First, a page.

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Stephen Caple Jr.
Anthony Ramos, Dominique Fishback, Luna Lauren Velez
Writing Credits:
Joby Harold, Darnell Metayer, Josh Peters, Erich Hoeber, Jon Hoeber

During the '90s, a new faction of Transformers called the Maximals joins the Autobots as allies in the battle for Earth.

Box Office:
$200 million.
Opening Weekend
$61,045,464 on 3678 screens.
Domestic Gross

Rated PG-13.

Aspect Ratio: 2.35:1
English Dolby Atmos
English Audio Description
Czech Dolby 5.1
German Dolby 5.1
French Dolby 5.1
French Canadian Dolby 5.1
Latin Spanish Dolby 5.1
Spanish Dolby 5.1
Italian Dolby 5.1
Hungarian Dolby 5.1
Polish Dolby 5.1
French Canadian
Latin Spanish
Simplified Chinese
Supplements Subtitles:
French Canadian
Latin Spanish
Simplified Chinese

127 min.
Price: $31.99
Release Date: 10/10/2023

• “Human Affairs” Featurette
• “Life in the 90s” Featurette
• “Heroes” Featurette
• “Villains” Featurette
• “The Chase” Featurette
• “The Battle of Ellis Island” Featurette
• “Into the Jungle” Featurette
• “The Switchback Attack” Featurette
• “The Final Conflict” Featurette
• Deleted/Extended Scenes


-LG OLED65C6P 65-Inch 4K Ultra HD Smart OLED TV
-Marantz SR7010 9.2 Channel Full 4K Ultra HD AV Surround Receiver
-Panasonic DMP-BDT220P Blu-Ray Player
-Chane A2.4 Speakers
-SVS SB12-NSD 12" 400-watt Sealed Box Subwoofer


Transformers: Rise of the Beasts [Blu-Ray] (2023)

Reviewed by Colin Jacobson (October 23, 2023)

After the franchise showed severe box office decline with 2017’s The Last Knight, Transformers went the “prequel” route with 2018’s Bumblebee. Whereas the prior five films took place in “modern day”, Bumblebee sent us back to 1987.

Though this didn’t correct the series’ financial drop, Bumblebee did greet the strongest reviews of the bunch. Perhaps bolstered by the 2018 movie’s goodwill, 2023’s Transformers: Rise of the Beasts stays in the past and takes us to 1994.

Military veteran Noah Diaz (Anthony Ramos) struggles to find consistent work despite a genius for technological devices. Desperate for money to help his sick younger brother Kris (Dean Scott Vasquez), Noah agrees to steal a valuable car.

However, this turns out to be no ordinary Porsche, as Noah attempts to burgle an Autobot named Mirage (voiced by Pete Davidson). Along with nascent archaeologist Elena Wallace (Dominique Fishback), Noah partners with the Autobots to fight the evil Transformer Unicron (voiced by Colman Domingo).

Fool me once, shame on you.

Fool me twice, shame on me.

Fool me seven times, and why do I continue to watch Transformers movies?

Because hope springs and all that. I remain an unabashed fan of big summer blockbusters, and every time a Transformers hits screens, I hope it'll be the one to finally deliver the goods.

But it never happens. Bumblebee became a cut above its predecessors, but it still felt like a bunch of 80s movies thrown into a blender and it didn’t seem better than mediocre.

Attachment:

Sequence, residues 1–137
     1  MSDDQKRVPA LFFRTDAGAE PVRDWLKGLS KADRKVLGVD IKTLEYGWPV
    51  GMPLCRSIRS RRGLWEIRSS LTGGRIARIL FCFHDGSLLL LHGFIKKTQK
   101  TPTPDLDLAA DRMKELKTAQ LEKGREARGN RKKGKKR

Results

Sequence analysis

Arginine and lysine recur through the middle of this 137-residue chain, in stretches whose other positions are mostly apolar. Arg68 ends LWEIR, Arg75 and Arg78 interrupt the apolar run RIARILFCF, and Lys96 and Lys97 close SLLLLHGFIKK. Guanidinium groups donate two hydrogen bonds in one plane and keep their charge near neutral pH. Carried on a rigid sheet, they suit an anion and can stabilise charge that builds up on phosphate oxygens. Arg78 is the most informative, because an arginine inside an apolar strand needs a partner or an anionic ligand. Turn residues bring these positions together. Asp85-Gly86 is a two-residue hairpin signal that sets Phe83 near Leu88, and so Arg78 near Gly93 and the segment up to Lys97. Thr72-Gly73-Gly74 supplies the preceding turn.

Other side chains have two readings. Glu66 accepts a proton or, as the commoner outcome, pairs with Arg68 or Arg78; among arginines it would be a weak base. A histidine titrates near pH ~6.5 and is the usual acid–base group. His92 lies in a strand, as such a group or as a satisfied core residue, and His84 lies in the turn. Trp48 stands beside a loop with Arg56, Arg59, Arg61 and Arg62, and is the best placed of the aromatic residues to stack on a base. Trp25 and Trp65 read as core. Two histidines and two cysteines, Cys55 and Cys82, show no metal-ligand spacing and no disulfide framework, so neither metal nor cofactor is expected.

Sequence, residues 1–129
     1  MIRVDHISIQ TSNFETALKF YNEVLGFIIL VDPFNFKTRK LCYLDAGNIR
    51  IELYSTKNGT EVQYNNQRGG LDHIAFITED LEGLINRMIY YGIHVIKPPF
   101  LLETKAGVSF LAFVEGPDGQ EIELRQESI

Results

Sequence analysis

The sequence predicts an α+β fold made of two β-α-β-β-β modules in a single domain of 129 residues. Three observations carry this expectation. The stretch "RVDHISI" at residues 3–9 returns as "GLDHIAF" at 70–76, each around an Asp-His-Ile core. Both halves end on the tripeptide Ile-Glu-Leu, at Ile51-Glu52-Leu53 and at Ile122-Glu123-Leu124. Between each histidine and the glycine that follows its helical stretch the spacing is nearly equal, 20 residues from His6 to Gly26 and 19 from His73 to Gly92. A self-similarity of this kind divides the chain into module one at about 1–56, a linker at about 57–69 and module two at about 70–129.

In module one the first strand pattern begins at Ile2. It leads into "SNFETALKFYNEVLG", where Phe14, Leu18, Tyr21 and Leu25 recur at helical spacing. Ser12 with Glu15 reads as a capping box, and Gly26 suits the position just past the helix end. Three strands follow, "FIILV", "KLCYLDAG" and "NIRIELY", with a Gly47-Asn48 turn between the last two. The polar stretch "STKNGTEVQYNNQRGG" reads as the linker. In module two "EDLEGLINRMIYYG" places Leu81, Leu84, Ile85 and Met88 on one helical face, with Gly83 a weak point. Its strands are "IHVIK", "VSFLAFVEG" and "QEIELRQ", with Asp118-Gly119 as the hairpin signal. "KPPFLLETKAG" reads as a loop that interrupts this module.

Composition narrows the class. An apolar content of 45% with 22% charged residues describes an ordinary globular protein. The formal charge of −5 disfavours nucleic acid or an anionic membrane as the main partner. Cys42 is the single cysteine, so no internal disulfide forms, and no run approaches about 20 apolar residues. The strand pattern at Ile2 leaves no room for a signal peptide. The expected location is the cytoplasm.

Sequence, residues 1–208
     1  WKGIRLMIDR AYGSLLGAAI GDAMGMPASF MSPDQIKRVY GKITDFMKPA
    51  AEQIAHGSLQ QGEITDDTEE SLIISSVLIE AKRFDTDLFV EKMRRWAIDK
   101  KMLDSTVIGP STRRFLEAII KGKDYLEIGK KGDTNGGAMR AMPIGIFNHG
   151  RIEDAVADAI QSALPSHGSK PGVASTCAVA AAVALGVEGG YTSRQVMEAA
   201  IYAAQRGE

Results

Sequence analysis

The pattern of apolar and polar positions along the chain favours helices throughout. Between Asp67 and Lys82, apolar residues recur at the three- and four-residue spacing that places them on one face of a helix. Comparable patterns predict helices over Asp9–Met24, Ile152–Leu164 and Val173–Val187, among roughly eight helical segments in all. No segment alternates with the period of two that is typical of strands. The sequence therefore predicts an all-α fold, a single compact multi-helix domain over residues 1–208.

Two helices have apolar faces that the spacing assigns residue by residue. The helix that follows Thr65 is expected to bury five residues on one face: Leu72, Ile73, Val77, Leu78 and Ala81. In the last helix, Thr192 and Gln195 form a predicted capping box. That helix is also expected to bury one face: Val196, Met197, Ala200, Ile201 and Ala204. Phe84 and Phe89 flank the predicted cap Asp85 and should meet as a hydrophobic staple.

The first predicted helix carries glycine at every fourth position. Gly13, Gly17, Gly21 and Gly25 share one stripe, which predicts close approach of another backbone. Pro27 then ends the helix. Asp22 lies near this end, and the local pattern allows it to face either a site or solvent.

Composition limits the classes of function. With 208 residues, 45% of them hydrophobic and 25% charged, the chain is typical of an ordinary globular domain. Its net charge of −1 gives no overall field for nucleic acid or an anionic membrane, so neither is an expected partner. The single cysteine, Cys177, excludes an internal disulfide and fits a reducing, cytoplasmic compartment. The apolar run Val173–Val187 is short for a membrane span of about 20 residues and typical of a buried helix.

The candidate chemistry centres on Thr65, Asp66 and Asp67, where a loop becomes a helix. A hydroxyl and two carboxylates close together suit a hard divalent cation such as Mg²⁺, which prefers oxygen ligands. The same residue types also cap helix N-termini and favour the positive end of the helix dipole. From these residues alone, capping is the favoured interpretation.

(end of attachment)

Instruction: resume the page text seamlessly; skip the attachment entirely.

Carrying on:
Which becomes the case for Beasts. Like Bumblebee, it takes us into the past, though I admit I'm not particularly sure why we go to 1994 here. Perhaps there's some narrative purpose I missed.

The use of 1994 feels more like windowdressing - unexplored windowdressing, though, as the movie rarely feels like 1994. Outside of some nods to then-popular cultural artifacts - and an eye-rolling reference to Mark Wahlberg that exists solely because he starred in a couple Transformers installments - the movie feels like it could be set today.

Sure, this time period means Beasts lacks cell phones and whatnot, but this seems irrelevant. Horror movies benefit from pre-cell settings because these phones become such an obstacle to tension.

But that doesn't seem like an issue here. There's nothing I recall in the story that benefits from taking place 29 years ago, and Beasts doesn't even explore the era in a kitschy throwback way.

I admit I appreciate this in theory, as I get tired of films that use the past just for silly jokes. Nonetheless, it still leaves me confused why they bothered to go with 1994.

Whatever the case, the main issues here stem from bland characters and a dull story. Big alien robots once again battle over some powerful artifact, and semi-anonymous humans help - haven't we seen this tale already?

Yes, and the action doesn't seem interesting enough to compensate. I can care about what happens to non-human characters, but I'll be damned if I've ever maintained an emotional connection to the Transformers.

This becomes exacerbated by the period setting, as we already know Optimus Prime (voiced by Peter Cullen) and others won't die. They can't since they appear in movies set after 1994

So there goes dramatic tension, and I never cared much about the generic humans either. Our two human leads seem cliché and without personality.

They exist to put a human face on matters but they bring nothing memorable to the table. Live or die? This never mattered much to me.

In the end, Beasts does tone down the sins of the Michael Bay Transformers movies. It's not paced as frenetically or shot as obnoxiously, and it lacks the cheap/often borderline offensive stabs at humor Bay favors.

But we also get no real personality from Beasts. It just feels made by a committee so it lacks heart, passion or any notable impact.

Footnote: we get a bonus scene early in the end credits.

The Disc Grades: Picture A-/ Audio A/ Bonus B-

Transformers: Rise of the Beasts appears in an aspect ratio of 2.35:1 on this Blu-ray Disc. Expect a solid image here.